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More money for the program might be available in coming years. On July 26, the California Supreme Court ruled in favor of allowing counties and cities throughout the state to hire private law firms to represent them on a contingency basis in a multibillion-dollar class-action lawsuit. The long-running suit, originally filed in 2000 at the Superior Court of Santa Clara, asks that makers of lead-based paint, such as Sherwin-Williams and Atlantic Richfield (which includes the former Anaconda Lead Products and International Smelting and Refining companies), pay for removing lead paint from buildings.

According to Nancy Fineman, attorney for Cotchett, Pitre, and McCarthy, the private law firm representing San Diego and other cities, the ruling will likely be appealed and the lead-paint lawsuit may take many more years to litigate.

In the meantime, as the City expands the Lead Safe Neighborhoods Program, more property owners will be notified. For low-income families and the elderly on fixed incomes such as Howard, the only way to remediate the lead hazards and comply with city code is to contact the San Diego Housing Commission and apply for federal grants, loans, and redevelopment money.

Frank Ballow, rehab manager for the San Diego Housing Commission, estimates that since 2002, the housing commission has received $15.9 million in lead grants from the U.S. Department of Housing and Urban Development. The most recent grants, awarded in 2008 and totaling $7 million, include goals of eliminating lead hazards in over 500 residential units over a three-year period.

“The lead grants offer up to $10,000 for a single family dwelling and up to $5000 per multifamily unit plus $5000 for common areas in multifamily properties for material and labor costs of lead remediation,” explains Ballow in an August 4 email.

Typically, owner-occupied properties are also eligible for deferred-payment loans to cover lead or other rehabilitation costs. However, as in Howard’s case, if lead hazards require more than $10,000 to correct and owner-occupants do not qualify for loans, a Special Circumstance Committee may authorize exceeding the $10,000 cap.

As Howard walks around the outside of his house, he rattles off the work that will be done. He points to the rotted roof, the deteriorated fascia, and the eaves that will be replaced. The back of the house will get a new vinyl window and frame.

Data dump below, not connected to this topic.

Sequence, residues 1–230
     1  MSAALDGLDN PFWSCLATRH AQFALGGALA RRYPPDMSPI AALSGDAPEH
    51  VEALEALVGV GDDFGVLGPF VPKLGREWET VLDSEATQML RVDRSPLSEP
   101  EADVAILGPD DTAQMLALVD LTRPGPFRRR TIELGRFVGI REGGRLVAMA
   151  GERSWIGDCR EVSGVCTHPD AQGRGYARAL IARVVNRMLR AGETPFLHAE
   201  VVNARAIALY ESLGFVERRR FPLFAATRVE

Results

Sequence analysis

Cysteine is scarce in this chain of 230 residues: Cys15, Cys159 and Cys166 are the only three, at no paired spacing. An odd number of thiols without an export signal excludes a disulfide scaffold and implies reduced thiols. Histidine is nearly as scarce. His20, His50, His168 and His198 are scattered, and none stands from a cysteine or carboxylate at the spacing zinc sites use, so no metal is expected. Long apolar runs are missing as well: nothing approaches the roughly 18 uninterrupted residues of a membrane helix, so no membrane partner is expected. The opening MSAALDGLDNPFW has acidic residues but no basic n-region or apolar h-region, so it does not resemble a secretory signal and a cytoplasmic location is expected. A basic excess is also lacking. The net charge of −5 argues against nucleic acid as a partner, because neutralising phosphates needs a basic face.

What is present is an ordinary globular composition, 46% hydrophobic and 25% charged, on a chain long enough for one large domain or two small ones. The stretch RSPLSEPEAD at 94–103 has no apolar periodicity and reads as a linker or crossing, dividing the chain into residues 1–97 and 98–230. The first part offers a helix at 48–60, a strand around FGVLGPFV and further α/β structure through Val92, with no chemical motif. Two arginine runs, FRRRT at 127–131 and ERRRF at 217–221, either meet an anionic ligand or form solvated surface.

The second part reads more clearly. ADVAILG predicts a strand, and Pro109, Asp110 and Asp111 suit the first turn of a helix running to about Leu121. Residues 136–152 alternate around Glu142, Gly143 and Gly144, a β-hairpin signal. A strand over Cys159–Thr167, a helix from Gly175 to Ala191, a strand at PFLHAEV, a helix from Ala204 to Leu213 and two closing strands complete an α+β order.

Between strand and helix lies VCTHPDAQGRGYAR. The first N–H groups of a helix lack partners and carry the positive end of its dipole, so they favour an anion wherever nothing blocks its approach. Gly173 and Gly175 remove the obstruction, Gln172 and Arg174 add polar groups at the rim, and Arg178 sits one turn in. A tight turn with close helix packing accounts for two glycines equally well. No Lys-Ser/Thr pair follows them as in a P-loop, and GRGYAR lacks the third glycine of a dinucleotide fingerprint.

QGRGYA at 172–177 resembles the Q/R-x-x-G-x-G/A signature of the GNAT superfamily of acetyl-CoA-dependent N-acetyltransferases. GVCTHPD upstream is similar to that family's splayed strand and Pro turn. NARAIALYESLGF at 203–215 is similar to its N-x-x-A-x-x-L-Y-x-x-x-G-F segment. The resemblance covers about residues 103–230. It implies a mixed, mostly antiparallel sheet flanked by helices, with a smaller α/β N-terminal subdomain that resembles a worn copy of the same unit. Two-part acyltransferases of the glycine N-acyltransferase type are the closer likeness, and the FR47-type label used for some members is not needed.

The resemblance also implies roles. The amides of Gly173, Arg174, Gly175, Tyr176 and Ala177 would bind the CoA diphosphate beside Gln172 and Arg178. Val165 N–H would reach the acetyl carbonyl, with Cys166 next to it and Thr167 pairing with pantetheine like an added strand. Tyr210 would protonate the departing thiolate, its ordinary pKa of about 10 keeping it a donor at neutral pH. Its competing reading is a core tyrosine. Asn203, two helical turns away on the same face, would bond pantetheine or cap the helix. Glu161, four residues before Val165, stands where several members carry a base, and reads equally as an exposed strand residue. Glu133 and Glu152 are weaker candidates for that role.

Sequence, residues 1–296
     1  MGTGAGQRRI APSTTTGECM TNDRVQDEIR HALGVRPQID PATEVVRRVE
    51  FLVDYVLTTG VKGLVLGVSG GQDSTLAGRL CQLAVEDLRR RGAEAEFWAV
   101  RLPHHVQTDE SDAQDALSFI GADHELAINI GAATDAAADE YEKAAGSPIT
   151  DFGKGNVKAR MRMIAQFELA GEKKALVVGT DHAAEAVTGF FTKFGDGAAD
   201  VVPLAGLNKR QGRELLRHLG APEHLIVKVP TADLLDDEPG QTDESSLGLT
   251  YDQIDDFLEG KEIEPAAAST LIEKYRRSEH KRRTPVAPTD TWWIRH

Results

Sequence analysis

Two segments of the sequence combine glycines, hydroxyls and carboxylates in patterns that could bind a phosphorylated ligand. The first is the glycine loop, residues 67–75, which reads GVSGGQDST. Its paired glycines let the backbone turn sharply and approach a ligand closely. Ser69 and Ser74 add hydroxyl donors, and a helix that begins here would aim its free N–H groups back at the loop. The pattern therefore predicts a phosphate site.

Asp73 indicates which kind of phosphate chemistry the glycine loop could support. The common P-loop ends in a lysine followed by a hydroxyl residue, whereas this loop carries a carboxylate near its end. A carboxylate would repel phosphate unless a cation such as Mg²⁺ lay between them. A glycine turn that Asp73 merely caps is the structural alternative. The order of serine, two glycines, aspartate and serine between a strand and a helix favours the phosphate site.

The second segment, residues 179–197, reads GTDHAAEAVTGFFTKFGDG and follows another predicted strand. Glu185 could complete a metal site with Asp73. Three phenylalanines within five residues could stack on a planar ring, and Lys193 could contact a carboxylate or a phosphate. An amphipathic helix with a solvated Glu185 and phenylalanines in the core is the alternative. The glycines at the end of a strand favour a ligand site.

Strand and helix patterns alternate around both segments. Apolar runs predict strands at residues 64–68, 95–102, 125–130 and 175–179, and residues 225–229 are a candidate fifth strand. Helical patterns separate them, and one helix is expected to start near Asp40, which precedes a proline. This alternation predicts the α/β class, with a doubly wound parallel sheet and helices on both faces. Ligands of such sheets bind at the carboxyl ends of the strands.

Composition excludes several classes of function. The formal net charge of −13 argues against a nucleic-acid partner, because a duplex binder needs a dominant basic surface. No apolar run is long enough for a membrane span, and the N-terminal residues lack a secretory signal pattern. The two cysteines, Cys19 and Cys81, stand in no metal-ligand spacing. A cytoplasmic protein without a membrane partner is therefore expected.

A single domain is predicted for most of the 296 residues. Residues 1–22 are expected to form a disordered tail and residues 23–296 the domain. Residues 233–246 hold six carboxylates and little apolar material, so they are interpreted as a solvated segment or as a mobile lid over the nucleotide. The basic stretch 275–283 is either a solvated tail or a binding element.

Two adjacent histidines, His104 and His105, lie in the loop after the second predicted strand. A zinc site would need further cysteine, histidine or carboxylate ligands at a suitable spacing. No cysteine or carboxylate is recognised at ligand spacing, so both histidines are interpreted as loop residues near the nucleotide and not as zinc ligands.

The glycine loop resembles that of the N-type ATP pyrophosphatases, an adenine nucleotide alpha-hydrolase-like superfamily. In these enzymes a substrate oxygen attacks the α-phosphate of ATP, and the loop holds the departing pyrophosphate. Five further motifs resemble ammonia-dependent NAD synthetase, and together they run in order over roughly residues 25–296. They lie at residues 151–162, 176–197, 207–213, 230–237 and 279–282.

Inside, he looks up at water stains on the ceiling and missing plaster and points to black spots of mold scattered across the walls. Workers will repair the damage and install new countertops and a new water heater.

But before work can begin, the clutter has to be moved. Howard’s so worried that he won’t be able to move his belongings out in time that he doesn’t seem concerned about the adverse health impacts from exposure to lead.

“Have I thought about getting tested for lead paint in my body? I’ve thought of it, sure,” he says. “But a lot of [my] symptoms are from old age. I don’t think I have lead poisoning, but I don’t know. I have other things to do in the next month, like try to find people willing to help move my belongings. I guess I am curious but won’t know until I get through this month. I’m looking for that pot of gold at the end of this stinking rainbow.”

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Comments

ZipWall Sept. 2, 2010 @ 11:56 a.m.

Great story. Reads like a movie. The U.S. Environmental Protection Agency (EPA) also now requires landlords and sellers of pre-1978 houses to notify their tenants or buyers of known lead paint in the house and give a pamphlet “Protect Your Family from Lead in Your Home.” Under this regulation, contractors who received payment for their work must follow lead-safe work practices. If you live in an older house, visit the EPA’s website http://www.epa.gov/lead/ to learn more about lead hazards. In addition, you can read about the new regulation and lead-safe work practices at http://www.zipwall.com/epa.php.

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Evelyn Sept. 2, 2010 @ 1:42 p.m.

So, when's Howard's deadline to move the clutter?

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Dorian Hargrove Sept. 2, 2010 @ 2:06 p.m.

ZipWall, thanks for the comment and the information. And Blueevey, the deadline is in a few weeks.

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Founder Sept. 2, 2010 @ 2:19 p.m.

If this person lives in North Park, he might also qualify for a 10 year Forgivable loan from the NP-PAC (Project Area Comm.) HELP program; I suggest that he call Mr. Michael Lengyel, NP PAC Project Manager at (619) 236-6269 to see if he qualifies... It's about time that our Seniors get some benefits from the City they help build.

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Evelyn Sept. 2, 2010 @ 3:46 p.m.

the problem isn't the financing, or so it seems, founder. it's the getting ready to have the work done.

this man needs people. I have 2 hands and a set of feet and willing. anyone else willing to help?

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Founder Sept. 3, 2010 @ 7:26 p.m.

Maybe some one will look into getting him a "pod" (temporary storage) so he can easily move his stuff into it and then have it replaced..

If he needs help movering, then contact Pamela at "Rebuilding Together", she knows how to make miracles happen! (619) 231-7873 or www.RebuildingTogetherSD.org

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